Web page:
Infections can sometimes be life threatening. You should contact your advice line urgently if you think you have an infection.
Contact your advice line if you have diarrhoea, such as if you've had 4 or more loose watery poos (stools) in 24 hours. Or if you can't drink to replace the lost fluid. Or if it carries on for more than 3 days.
Your doctor may give you anti diarrhoea medicine to take home with you after treatment. Eat less fibre, avoid raw fruits, fruit juice, cereals and vegetables, and drink plenty to replace the fluid lost.
You might have liver changes that are usually mild that are picked up on blood tests. Less commonly nintedanib can cause your liver to not work as well as it should and you may have a build up of the substance bilirubin. Nintedanib can also cause other serious liver problems but this is rare.
Tell your nurse or doctor if you have any of the following symptoms: itchy skin, yellowing of the skin and whites of the eyes, dark wee or tummy pain.
You have regular blood tests to check for any changes in the way your liver is working.
Numbness or tingling in fingers or toes
Numbness or tingling in fingers or toes is often temporary and can improve after you finish treatment. Tell your healthcare team if you're finding it difficult to walk or complete fiddly tasks such as doing up buttons.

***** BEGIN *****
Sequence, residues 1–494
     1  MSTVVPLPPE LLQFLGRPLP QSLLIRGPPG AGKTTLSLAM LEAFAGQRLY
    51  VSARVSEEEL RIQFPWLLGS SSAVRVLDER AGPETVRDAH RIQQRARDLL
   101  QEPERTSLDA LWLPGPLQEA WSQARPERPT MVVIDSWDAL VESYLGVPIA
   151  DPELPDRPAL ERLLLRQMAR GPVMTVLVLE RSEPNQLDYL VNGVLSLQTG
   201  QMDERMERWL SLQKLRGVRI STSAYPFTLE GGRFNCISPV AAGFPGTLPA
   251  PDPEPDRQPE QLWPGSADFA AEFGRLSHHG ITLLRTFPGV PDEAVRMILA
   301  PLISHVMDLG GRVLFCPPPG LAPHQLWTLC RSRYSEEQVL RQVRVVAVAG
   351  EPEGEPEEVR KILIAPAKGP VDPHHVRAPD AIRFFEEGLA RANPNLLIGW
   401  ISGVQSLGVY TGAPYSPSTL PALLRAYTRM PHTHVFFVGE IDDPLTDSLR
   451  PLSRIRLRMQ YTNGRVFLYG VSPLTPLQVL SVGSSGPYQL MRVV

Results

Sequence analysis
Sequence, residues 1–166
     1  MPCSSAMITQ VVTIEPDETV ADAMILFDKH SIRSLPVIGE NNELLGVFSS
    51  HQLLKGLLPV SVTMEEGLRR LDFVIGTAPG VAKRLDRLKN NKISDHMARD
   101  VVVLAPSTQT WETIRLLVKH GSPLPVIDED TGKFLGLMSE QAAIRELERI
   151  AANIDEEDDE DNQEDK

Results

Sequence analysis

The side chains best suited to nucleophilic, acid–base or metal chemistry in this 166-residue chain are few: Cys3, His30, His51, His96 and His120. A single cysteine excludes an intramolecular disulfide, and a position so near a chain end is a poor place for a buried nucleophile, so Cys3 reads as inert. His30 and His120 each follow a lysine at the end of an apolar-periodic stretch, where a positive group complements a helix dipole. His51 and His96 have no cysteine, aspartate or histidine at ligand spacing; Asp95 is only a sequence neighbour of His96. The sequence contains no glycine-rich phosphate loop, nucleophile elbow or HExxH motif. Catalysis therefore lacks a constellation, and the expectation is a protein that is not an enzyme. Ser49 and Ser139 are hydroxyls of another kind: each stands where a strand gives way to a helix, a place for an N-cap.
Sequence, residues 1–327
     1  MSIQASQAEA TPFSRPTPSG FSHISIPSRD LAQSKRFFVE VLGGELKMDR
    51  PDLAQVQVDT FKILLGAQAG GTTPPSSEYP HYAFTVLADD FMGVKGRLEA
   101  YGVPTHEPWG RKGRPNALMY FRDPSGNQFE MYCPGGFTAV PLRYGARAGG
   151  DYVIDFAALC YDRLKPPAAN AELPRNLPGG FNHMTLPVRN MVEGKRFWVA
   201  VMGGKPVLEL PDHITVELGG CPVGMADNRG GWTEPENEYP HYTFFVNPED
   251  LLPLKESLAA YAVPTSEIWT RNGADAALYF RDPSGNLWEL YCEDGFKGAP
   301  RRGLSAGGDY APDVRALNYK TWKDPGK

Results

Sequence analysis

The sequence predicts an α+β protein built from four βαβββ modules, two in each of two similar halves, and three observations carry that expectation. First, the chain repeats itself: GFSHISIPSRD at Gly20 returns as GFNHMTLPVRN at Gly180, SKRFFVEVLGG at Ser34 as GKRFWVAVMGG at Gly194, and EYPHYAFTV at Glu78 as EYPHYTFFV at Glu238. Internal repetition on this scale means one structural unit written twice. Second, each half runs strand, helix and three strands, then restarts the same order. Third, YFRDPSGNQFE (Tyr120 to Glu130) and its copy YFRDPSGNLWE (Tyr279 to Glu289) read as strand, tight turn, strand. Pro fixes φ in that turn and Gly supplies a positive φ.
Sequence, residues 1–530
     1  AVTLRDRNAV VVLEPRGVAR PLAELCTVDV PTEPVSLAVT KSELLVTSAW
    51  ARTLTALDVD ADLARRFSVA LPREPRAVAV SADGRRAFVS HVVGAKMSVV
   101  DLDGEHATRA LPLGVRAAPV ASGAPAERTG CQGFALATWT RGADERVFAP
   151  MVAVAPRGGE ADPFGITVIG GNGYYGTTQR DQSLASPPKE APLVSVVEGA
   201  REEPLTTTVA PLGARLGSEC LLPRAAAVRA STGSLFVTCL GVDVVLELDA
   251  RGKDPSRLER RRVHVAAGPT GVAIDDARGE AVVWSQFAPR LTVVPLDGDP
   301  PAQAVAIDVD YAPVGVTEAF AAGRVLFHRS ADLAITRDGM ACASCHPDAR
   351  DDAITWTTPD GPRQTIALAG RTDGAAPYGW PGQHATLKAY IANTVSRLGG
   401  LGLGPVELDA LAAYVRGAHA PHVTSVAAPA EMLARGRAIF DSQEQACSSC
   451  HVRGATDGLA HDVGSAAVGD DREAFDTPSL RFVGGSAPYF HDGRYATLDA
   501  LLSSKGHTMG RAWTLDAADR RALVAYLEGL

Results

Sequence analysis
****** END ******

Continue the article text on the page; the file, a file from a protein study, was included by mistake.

Feeling or being sick
Feeling or being sick is usually well controlled with anti sickness medicines. Avoiding fatty or fried foods, eating small meals and snacks, drinking plenty of water, and relaxation techniques can all help.
It is important to take anti sickness medicines as prescribed even if you don’t feel sick. It is easier to prevent sickness rather than treating it once it has started.
Loss of appetite
You might lose your appetite for various reasons whilst having cancer treatment. Sickness, taste changes or tiredness can put you off food and drinks.
Change in the levels of minerals in the blood
You may have changes to the levels of minerals and salts in your blood. These minerals and salts include potassium, sodium, magnesium, calcium, phosphate, and chloride. If you have a low potassium level, symptoms can include a fast heartbeat, tiredness, and feeling sick.
Your healthcare team will do regular blood tests to check for any changes during your treatment.
Skin problems include a skin rash, dry skin and itching. This usually goes back to normal when your treatment finishes. Your nurse will tell you what products you can use on your skin to help.
Mouth sores and ulcers can be painful. It helps to keep your mouth and teeth clean, drink plenty of fluids and avoid acidic foods such as lemons. Chewing gum can help to keep the mouth moist. Tell your doctor or nurse if you have ulcers.
Tummy (abdominal) pain
Tell your treatment team if you have this. They can check the cause and give you medicine to help.
There is a risk of bleeding if you take nintedanib, the most common is a nosebleed. Less commonly you might have bleeding in other parts of your body, for example, your lungs, tummy (abdomen), or brain.
You may also notice you bruise more easily. Let your doctor or nurse know if this happens.